Ronni Gordon is  a cancer survivor and long-time journalist who has written about her journey, about health and fitness, and about how she and others have prevailed in difficult situations. She brings to her writing a mix of personal experience with knowledge about the health-care system and how cancer patients can navigate it. A graduate of Vassar College with a master's degree in journalism from Boston University, she is a freelance writer who worked in daily newspapers for more than 30 years. She has been published in The New York Times, The Philadelphia Inquirer, Dana FarberCancer Institute magazine, and Cancer Today magazine. She lives in Western Massachusetts with her dog, Maddie, short for Madison (Avenue) in honor of her hometown, New York, and is mother of three grown children, Ben, Joe, and Katie

Ronni Gordon

Tags: Cancer | cancer | diagnosis | personal | growth

Can Cancer Diagnosis Boost Personal Growth?

By    |   Tuesday, 05 November 2013 10:21 AM

 Most people have heard of post-traumatic stress disorder, or PTSD, but they may not be familiar with another term, post-traumatic growth, which refers to gains after a traumatic experience.
Various researchers have tested the idea of post-traumatic growth after cancer, and now a new study has added to the body of evidence.
The lead author of a study in the current online edition of the journal Psycho-Oncology writes that many women who have had breast cancer are surprised when they have positive outcomes psychologically.
The study, conducted at Wake Forest Baptist Medical Center in Winston-Salem, N.C., examined post-traumatic growth (PTG) over two years in 653 women.

"Many women who have breast cancer often experience distress but sometimes are surprised that they also may experience a variety of positive outcomes following diagnosis," wrote Suzanne Danhauer, associate professor of public health sciences at Wake Forest Baptist and lead author of the study.
The study examined change in post-traumatic growth over two years in 653 women. Participants completed surveys within eight months of diagnosis and also six, 12 and 18 months after that. According to the researchers, a total PTG index increased over time.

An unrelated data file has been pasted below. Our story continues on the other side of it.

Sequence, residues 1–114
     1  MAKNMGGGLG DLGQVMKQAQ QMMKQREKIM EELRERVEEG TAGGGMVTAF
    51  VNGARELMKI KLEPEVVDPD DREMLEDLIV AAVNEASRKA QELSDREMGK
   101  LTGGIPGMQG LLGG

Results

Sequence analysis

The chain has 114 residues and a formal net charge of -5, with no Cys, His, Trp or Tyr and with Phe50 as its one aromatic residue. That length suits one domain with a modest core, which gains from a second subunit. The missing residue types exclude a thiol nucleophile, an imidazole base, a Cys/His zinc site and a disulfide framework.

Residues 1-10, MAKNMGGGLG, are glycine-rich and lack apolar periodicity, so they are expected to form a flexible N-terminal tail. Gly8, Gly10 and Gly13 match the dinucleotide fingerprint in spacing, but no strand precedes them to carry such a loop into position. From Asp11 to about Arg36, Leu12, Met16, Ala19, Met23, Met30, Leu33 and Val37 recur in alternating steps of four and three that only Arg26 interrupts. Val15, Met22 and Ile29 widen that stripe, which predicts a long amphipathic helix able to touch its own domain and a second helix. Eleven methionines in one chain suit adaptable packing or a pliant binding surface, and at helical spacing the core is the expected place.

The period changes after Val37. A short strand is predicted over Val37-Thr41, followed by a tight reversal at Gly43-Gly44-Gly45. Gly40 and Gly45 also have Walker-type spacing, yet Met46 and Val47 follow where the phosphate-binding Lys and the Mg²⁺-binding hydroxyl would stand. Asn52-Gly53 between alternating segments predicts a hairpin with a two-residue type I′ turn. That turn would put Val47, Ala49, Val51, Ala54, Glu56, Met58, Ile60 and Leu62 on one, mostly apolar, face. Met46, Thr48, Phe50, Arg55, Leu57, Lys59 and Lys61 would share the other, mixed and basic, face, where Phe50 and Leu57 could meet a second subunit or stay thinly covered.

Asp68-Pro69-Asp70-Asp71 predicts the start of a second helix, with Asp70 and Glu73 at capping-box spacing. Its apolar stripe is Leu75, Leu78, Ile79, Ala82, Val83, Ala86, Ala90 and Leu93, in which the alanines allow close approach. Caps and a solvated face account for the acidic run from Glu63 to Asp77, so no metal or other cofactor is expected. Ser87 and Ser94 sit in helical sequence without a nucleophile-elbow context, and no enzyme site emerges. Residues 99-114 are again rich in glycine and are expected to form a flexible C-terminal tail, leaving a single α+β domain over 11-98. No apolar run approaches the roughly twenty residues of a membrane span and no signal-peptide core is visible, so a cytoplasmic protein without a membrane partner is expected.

Past studies of breast cancer survivors have also showed this post-traumatic growth depending on level of support and other factors, and a study of bone marrow transplant recipients reported in Health Psychology in 2005 found the same thing.
According to The American Society of Clinical Oncology, post-traumatic growth can be exhibited in many ways:
  • Improved relationships: Experiencing increased feelings of closeness or intimacy with family or friends;
  • New life experiences: Making a change in career, overcoming a fear, or accomplishing a life goal;
  • A greater appreciation for life: Having increased awareness about your position in the world or new sense of vulnerability to death that changes how you live each day;
  • A sense of personal strength: Finding increased psychological rigor, resilience, or sense of empowerment;
  • Spiritual development: Gaining an increased interest in practicing religion or integrating spirituality into daily life.
 A friend who had breast cancer said it's true that she feels stronger from having survived cancer, but studies like these omit the other part of the equation, which is, frankly, that she thinks about death every day.
After my bone marrow transplant I also experienced some of these positive changes but am left with an on-again off-again fear of recurrence and repeated dreams that I am told I have six months left and there is no cure.
But if there is frequently a pressure to be upbeat, it's more common among breast cancer survivors; Barbara Ehrenrich, the author and breast cancer survivor, has written at length of what she calls the "relentless cheerfulness" of the breast cancer movement.
The American Society of Clinical Oncology, in a post on Cancer.Net, explains the fuller picture: "It should also be noted that experiencing post-traumatic growth does not necessarily mean that the person has overcome the stressor. In fact, most people who report post-traumatic growth also report simultaneously experiencing struggles with their trauma."
Here are some ways to foster growth after cancer:
  • Find ways to minimize tension and anxiety: Make time to reduce your anxiety by using relaxation techniques, engaging in recreation, or talking to supportive friends or a counselor.
  • Reflection:You may consider journaling or talking with a friend as a way to process your memories of the trauma and make sense of the experience.
  • Restore a sense of safety: To feel less vulnerable, some people may need to speak with a professional trained in mental health, while others may find solace talking to a chaplain or spending time in nature and solitude.
  • Create a post-trauma life vision: Think through what you have learned from this experience and how it affects your strategy for living more fully.

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Most people have heard of post-traumatic stress disorder, but they may not be familiar with another term, post-traumatic growth, which refers to gains after a traumatic experience.
Tuesday, 05 November 2013 10:21 AM
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